mike chambers | about

Pixel Bender TV Scanline Filter

After seeing all of the cool stuff people have been doing with Pixel Bender, I finally decided to spend a little time and start learning how to build them myself.

The learning curve isn’t too difficult, although you do have to learn some new concepts, and deal with some limitations (at least when creating filters for Flash). The most difficult part for me thus far, is just understanding color and pixel math and manipulation (something I need to read up on more).

Anyways, below if one of my first filters. I wanted to post it as it is a pretty simple example, while still potentially being useful. Basically, it creates a TV scanline effect by making every other row of pixels black.

Here is a before an after example (you need to click to view the full size in order to see the effect well).

Here is the code for the filter:

<languageVersion : 1.0;>

kernel ScanLines
<   namespace : "mesh";
    vendor : "Mike Chambers";
    version : 1;
    description : "Generates a TV Scanline effect";
    input image4 src;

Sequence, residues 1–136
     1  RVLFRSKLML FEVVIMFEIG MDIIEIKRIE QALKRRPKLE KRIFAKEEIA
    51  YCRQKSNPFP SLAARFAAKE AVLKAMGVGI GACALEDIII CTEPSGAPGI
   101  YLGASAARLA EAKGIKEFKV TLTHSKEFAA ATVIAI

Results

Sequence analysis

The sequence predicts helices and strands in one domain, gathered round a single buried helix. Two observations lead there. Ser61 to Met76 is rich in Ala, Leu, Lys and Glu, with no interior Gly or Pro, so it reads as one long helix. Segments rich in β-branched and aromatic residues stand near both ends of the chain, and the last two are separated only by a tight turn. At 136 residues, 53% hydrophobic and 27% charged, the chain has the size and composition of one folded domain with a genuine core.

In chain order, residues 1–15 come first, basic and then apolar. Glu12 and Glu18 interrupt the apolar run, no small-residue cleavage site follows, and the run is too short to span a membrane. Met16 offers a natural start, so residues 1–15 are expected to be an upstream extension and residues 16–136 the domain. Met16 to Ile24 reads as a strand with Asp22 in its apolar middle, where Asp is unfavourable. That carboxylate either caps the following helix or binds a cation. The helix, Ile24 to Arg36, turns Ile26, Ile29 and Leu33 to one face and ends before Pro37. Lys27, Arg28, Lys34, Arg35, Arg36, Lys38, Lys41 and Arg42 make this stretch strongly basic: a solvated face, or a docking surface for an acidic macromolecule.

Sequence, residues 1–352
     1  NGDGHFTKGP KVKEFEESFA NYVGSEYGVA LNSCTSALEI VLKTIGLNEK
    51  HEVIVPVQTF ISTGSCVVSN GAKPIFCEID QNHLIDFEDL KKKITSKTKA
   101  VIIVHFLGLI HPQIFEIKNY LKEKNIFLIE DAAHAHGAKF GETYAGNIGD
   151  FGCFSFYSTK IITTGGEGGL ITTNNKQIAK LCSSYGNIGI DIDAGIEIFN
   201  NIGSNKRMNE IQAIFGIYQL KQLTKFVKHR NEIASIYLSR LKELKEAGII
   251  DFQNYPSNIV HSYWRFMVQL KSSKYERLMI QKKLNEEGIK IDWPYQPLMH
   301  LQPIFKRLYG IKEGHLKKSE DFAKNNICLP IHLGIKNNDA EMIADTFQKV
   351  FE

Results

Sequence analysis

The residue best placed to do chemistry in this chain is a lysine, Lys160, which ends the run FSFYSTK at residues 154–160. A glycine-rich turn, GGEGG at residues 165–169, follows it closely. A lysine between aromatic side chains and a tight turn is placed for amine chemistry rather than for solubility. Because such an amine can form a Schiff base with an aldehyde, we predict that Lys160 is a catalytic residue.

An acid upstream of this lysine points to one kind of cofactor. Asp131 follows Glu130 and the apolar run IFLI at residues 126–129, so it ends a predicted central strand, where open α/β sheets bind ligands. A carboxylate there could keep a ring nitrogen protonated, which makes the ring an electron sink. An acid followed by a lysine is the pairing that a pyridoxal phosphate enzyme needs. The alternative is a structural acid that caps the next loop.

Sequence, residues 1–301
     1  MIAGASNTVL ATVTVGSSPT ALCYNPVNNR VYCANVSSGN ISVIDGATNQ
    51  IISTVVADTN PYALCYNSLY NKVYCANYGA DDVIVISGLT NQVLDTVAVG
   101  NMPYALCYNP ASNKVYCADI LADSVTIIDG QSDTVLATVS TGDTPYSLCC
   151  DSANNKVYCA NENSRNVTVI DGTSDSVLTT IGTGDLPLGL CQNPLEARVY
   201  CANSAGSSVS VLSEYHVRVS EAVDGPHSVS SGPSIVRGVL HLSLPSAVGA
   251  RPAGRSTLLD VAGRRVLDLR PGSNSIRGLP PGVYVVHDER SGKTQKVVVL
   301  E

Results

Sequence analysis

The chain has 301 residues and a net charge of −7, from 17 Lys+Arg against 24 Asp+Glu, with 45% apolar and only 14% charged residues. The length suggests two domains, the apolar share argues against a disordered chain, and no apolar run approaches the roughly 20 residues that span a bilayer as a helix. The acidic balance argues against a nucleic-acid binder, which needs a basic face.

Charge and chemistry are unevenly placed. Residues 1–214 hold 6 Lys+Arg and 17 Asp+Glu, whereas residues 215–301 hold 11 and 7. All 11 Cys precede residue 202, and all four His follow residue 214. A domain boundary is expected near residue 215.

output pixel4 dst;

        //get the current pixel
        dst = sampleNearest(src, outCoord());

        //find out the vertical pixel size. In Flash this will always be 1
        float pixelVSize = pixelSize(src).y;

        //pixelVSize / 2.0 - outCoord() gives center of pixel, so we have to adjust to find
        //center of our pixel
        if( int(mod(((pixelVSize * outCoord().y) - pixelVSize / 2.0), 2.0 )) == )
            //if on an even row, set the pixel to blackt
            dst.r = 0.0;
            dst.b = 0.0;
            dst.g = 0.0;

            //can also do
            ////dst = float4(0.0,0.0,0.0, 1.0);

Thanks to Kevin Goldsmith from the Pixel Bender team for helping me out.

The comments in the code explain what is going on.

You can load this into Pixel Bender to play around with it, and compile it for use in Flash Player 10.

I wanted to add a parameter to allow the line size to be set. It doesn’t look like I can store variables in between calls to evaluatePixel(). Im trying to figure out an algorithm to figure it out in one pass, but im not sure that my math skills are up to the task at the moment.

You can find all of my other posts on Pixel Bender here.

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